Homemade yogurt is actually very simple to make. And if you ask me the easiest and most dependable way to make yogurt at home is with an electric crock pot.
All you need is crock pot, a thermometer, some fresh milk and a little bit of the proper type bacteria.
Greek yogurt is a favorite of mine and is also very easy to make. Greek yogurt is simply ordinary yogurt that has most of the whey drained from it.
There are many recipes on the internet for homemade yogurt. Some of them actually make what I would consider yogurt – but plenty of them don’t.
Homemade yogurt does not have the same firm consistency as store-bought yogurt. Store bought yogurt is a fake out and is thicken and stiffen with pectin, milk solids and other thickeners.
Homemade yogurt created without added pectin or powdered milk will have a top layer of whey that makes the yogurt thinner.
Whey is the natural liquid by-product of cheese and yogurt making and is easy to strain off.
The important thing to remember about homemade yogurt is that if you want to make it thicker, the whey needs to be strained from the yogurt . The more whey that is removed from the yogurt the firmer the final product. In fact if you strain off most of the whey from yogurt, you’ll end up with a delicious soft cheese known as “yogurt cheese”.
The crock pot method of making yogurt produces very dependable results. It is pretty much foolproof as long as you follow the directions faithfully. If you want success – don’t improvise.
Here’s What You’ll Need
- 1 Gallon of Milk (4 Quarts) – Doesn’t matter what type of milk
- 2 Tablespoons of Starter Yogurt – The bacteria for the yogurt has to come from somewhere. If you don’t already have a starter you’ll need some yogurt. It can be any type of yogurt but must have both of the active and live cultures of lactobacillus bulgaricus and streptococcus thermophilus. Read the label to make sure you have the right starter bacteria.
- Electric Crock Pot
- Some Type of Cooking or Dairy Thermometer
- A Wisk or Fork
- A Colander
- Muslin, Plyban Cheesecloth or Some Type of Woven Cloth
- Bath Towel or Woolen Scarf
- Oven or Other Draft Free Warm Location
Place the gallon of milk into the crock pot and cover. Heat the milk slowly until the milk is between 180°F – 190°F. It is vital to heat the milk to at least 180°F.
The milk must be made sterile and free from all types of bacteria. The only bacteria you want growing in the milk will be the lactobacillus bulgaricus and streptococcus thermophiles that you will purposely add when you inoculate the milk. This is an especially important step with raw milk.
* Note to raw milk people*
You have to get rid of the other bacteria if you want consistent and dependable results when making yogurt. Competing bacteria can be a problem.
Allow the milk to cool naturally and undisturbed to a temperature of 110°F. It takes about 3 ½ to 4 hours to cool to that temperature. It is critical to the success of the yogurt that you catch the milk at 110°F. 110°F is the ideal temperature for inoculating yogurt.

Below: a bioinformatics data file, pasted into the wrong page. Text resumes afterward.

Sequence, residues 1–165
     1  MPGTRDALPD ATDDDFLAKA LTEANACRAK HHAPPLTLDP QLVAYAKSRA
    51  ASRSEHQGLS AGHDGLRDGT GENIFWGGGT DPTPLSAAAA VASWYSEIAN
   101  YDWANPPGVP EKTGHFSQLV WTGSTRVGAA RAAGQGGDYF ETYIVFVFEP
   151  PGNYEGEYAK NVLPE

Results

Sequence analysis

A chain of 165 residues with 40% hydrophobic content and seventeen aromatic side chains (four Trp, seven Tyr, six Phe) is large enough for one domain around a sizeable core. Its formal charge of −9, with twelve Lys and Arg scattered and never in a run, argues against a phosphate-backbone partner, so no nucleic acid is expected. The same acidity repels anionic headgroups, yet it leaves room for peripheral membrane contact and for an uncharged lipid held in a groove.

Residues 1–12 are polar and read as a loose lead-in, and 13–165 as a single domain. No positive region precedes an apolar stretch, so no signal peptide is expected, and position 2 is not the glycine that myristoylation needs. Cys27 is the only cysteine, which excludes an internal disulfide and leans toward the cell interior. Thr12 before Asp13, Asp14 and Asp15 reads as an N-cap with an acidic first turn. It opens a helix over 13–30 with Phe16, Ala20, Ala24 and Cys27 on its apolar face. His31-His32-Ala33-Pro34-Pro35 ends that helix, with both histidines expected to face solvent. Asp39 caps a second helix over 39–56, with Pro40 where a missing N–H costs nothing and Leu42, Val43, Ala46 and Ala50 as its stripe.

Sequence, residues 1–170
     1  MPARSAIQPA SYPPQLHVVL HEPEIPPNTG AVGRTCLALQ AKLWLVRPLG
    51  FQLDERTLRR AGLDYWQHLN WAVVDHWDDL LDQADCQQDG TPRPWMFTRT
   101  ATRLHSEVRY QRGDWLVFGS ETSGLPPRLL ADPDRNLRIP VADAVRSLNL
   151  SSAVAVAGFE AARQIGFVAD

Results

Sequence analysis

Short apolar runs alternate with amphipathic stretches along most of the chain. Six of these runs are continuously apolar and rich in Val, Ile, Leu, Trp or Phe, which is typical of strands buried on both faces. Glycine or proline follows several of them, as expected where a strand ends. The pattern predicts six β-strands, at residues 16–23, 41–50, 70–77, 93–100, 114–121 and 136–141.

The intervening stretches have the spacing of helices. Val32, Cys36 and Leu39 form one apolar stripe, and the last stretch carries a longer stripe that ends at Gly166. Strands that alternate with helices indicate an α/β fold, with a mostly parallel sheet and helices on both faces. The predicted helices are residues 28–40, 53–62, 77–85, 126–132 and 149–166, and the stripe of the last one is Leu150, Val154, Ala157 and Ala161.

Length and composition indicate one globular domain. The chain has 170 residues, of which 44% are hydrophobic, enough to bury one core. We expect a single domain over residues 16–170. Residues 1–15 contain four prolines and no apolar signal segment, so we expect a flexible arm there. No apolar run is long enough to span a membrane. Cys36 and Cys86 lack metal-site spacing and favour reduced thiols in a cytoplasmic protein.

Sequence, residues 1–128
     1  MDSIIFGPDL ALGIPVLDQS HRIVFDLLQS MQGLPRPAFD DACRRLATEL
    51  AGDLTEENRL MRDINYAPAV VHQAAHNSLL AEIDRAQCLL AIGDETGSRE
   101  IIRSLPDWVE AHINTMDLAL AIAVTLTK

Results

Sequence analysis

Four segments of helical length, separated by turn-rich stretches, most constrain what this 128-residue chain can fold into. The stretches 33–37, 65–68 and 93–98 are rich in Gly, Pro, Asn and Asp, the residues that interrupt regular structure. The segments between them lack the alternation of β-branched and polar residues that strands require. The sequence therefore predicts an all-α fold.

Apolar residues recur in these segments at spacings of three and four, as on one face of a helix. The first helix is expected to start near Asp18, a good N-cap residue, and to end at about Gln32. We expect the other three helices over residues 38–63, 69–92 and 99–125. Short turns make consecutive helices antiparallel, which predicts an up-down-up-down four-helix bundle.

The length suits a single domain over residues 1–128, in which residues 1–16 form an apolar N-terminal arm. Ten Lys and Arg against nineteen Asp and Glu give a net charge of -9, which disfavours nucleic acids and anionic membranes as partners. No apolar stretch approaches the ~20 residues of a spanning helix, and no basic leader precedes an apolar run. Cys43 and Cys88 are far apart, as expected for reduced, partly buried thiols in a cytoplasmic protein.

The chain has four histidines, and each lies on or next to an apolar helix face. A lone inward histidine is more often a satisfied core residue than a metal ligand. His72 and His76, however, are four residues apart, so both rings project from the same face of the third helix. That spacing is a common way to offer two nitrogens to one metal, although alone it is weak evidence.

A temperature any higher may kill the added bacteria. And if the temperature is too cool the bacteria will not thrive.
If you are using non-homogenized or raw milk there will be a skin that has formed on the top of the milk.
The skin should be carefully and completely removed. If you don’t remove all of the milk skin you’ll get nasty hard flakes in your yogurt.
Remove about 1 cup of warm milk into a separate cup or small bowl. Add 2 tablespoons of starter yogurt to the cup of milk.
Do not add any extra yogurt. 2 tablespoons are all you need.
The bacteria must have adequate room to grow and won’t grow properly if overcrowded. With a fork or a whisk, gently but thoroughly stir the starter yogurt into the cup of milk to inoculate it.
Next pour the inoculated milk back into the crock pot and stir in gently going from side to side. Do not stir in circles – use a careful and slow up and down lifting motion moving across the length of the crock.
Carefully lift the covered crock out of the electric base and place it into a cool oven. Lay a bath towel or woolen shawl snugly around the crock and leave it undisturbed overnight or for about 10 – 12 hours.
You want the milk to stay nice and warm.
An oven with a pilot light or electric light turned on works great. Do not disturb the milk and keep the oven door closed. If you open the oven door you may have a yogurt failure.
After 10 or 12 hours your yogurt should be solid with a layer of whey on the top.
If you like a thicker yogurt you’ll need to drain or carefully pour off the whey.
The way that I do it is by pouring the yogurt into a colander lined with Plyban cheesecloth that has been set on top of a large pot. A rectangular piece of muslin or a clean dish towel can be used. I don’t like to use regular cheesecloth because the weave is too sleazy and open. If I have to use regular cheesecloth I triple the layers.
As the whey drains away from the yogurt it is collected into the pot and can be used later for another food purpose or fed to chickens or pigs.
It takes about 2 hours of draining to make a thick natural yogurt, and about 3 or 4 hours to make Greek style yogurt. Once the yogurt is the thickness that I want, I lift the cheesecloth from the colander and carefully dump the yogurt into a covered dish or large container.
I store my yogurt in a refrigerator or a cooler to keep it sweet tasting. Some people prefer a tart yogurt and do leave it out at room temperature for over 24 hours. The longer yogurt stays at room temperature the more tart it will become.
I try to always remember to save a little bit back so I have starter for the next batch.